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"Tomorrow everything will be over"

April 24th, 2005 · 7 Comments · Uncategorized

Those are the words of a Syrian officer.

Every single Syrian solider and intelligence officer will have left Lebanon by night-fall on Sunday. And that includes the dreaded Anjar base in the Bekaa border region.

Syria Chief of Military Intelligence – the dreaded Major General Rustom Ghazale will also be on his way home today. He’s Syria’s man in Lebanon – the equivalent of Paul Bremer (and now Negroponte) in Iraq.

Last night the largest contingent of army vehicles yet headed towards the Masnaa border crossing and into Syria. 10 positions were vacated and trucks carrying soldiers were seen, along with armoured vehicles.

Only weeks ago Syrian President Bashar Al-Assad spoke to parliament and said that all Syrian troops would withdraw to the border area. Yet commentators questioned whether he meant the Syrian or the Lebanese side of the border.

Un Secretary General Kofi Annan has delayed publishing a report on Syria’s progress towards UN Resolution 1559 until a UN team could go to Lebanon to verify the withdrawl. That delay drew the wrath of President Bush, who – on seeing the speed of the withdrawal – has stepped up his ‘calls’ for Syria to leave Lebanon. Shutting the door after the horse has bolted?

A wave of sighs spread across the Levant today.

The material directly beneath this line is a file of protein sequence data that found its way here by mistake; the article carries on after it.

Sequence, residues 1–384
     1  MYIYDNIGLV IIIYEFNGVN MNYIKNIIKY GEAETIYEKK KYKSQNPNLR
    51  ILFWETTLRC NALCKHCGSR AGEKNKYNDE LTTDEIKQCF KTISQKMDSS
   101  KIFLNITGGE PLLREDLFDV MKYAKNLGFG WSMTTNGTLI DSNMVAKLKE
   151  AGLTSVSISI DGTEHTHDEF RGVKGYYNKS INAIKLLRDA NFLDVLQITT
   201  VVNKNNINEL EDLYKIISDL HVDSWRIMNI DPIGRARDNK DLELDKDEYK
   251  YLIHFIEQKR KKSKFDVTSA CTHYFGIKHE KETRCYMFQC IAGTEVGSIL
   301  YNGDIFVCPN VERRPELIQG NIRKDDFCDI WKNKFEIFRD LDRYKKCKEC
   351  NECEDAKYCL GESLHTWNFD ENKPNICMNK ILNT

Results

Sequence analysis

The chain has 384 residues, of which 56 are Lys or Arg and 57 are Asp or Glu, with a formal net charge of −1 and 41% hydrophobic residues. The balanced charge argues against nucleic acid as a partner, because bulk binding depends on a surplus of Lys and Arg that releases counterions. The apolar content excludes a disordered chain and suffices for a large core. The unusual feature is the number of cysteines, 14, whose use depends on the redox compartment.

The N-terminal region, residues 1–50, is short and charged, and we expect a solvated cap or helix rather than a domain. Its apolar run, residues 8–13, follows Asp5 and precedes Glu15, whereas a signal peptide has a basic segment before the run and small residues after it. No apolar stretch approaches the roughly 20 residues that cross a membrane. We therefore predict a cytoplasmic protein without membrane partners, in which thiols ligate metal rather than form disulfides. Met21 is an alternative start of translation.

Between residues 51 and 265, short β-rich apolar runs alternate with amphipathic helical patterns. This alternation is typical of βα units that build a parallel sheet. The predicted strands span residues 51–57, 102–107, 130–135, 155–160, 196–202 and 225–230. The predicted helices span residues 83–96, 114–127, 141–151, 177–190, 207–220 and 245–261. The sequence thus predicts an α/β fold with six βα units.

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7 responses so far ↓

  • 1 amr // Apr 25, 2005 at 2.09 am

    Sasa what is the Levant excatly. I have noticed you keep using that word. is it different to “the middle east”?

  • 2 Anonymous // Apr 25, 2005 at 6.25 am

    Yet, it seems that nothing is going to satisfy the lurking Bush

  • 3 sasa // Apr 25, 2005 at 11.23 pm

    Hi Amr, the Levant is generally the same as Bilad Ash-Sham. That is ‘historic Syria’: Syria, Lebanon, Jordan and Palestine. They share a culture, dialect and history.

    Some people define the Middle East as the Levant plus the Arabian Peninsular (i.e. Saudi, Yemen and the Gulf) – but NOT North Africa.

    Other people call the Middle East all the Arab countries (from Morocco to Iraq) plus Iran and Turkey – and sometimes even Afghanistan!

    None of these words have exact definitions, they just have historical usages. Look at the Arab League for example – is the Comoros Islands (off the coast of Southern Africa) really Arab? What about Mauritania?

  • 4 Anonymous // Apr 26, 2005 at 1.41 pm

    I like your blogg. Thank you. I can read also what Syrians are thinking. F

  • 5 Anonymous // Apr 26, 2005 at 2.02 pm

    What I hate with most Lebaneese is,whenever you say the truth they always go away. You will never hear Thruth from them not even a true Hallo. Fyi I am not arab. Keep blogging.

  • 6 sasa // Apr 27, 2005 at 1.33 am

    Thanks anonymous! Where are you from, thank you for your kind comments.

    I know it is easy for us to be angry with Lebanese but they are a proud independent nation, still coming to terms with their post-war differences. It’s great that they are directing their anger outside instead of inside. All we want is for a peaceful, independent Lebanon with good relations with Syria. And I think that’s what most Lebanese want too.

  • 7 Anonymous // Apr 27, 2005 at 9.35 am

    Sasa I am Greek. Have a nice day.
    Kalimera

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